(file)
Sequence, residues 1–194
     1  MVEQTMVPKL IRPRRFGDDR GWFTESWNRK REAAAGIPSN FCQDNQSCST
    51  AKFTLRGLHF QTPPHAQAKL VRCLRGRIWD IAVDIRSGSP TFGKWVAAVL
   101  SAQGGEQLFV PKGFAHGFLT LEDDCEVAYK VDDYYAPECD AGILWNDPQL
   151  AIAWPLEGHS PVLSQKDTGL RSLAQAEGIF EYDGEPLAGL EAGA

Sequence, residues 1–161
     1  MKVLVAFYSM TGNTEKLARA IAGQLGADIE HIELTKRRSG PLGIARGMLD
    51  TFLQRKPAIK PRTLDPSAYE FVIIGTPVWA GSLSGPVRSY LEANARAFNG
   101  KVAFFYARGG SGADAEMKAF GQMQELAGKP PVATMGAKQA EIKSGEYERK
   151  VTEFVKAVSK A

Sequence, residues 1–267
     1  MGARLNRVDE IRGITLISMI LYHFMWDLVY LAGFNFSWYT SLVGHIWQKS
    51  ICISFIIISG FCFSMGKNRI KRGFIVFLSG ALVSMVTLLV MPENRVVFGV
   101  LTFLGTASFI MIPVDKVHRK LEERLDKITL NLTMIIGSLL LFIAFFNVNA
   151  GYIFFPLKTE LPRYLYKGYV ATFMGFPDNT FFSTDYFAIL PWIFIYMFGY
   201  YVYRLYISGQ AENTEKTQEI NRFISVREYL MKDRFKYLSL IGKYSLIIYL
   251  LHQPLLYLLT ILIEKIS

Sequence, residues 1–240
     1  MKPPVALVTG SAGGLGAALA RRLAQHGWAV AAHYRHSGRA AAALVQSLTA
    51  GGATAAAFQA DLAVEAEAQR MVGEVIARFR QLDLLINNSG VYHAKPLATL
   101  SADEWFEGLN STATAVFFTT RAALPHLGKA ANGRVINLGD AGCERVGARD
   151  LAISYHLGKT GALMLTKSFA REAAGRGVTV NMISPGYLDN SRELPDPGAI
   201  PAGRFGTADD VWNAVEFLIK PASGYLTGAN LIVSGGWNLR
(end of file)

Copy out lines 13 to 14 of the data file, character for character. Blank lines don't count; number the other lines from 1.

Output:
    51  ICISFIIISG FCFSMGKNRI KRGFIVFLSG ALVSMVTLLV MPENRVVFGV
   101  LTFLGTASFI MIPVDKVHRK LEERLDKITL NLTMIIGSLL LFIAFFNVNA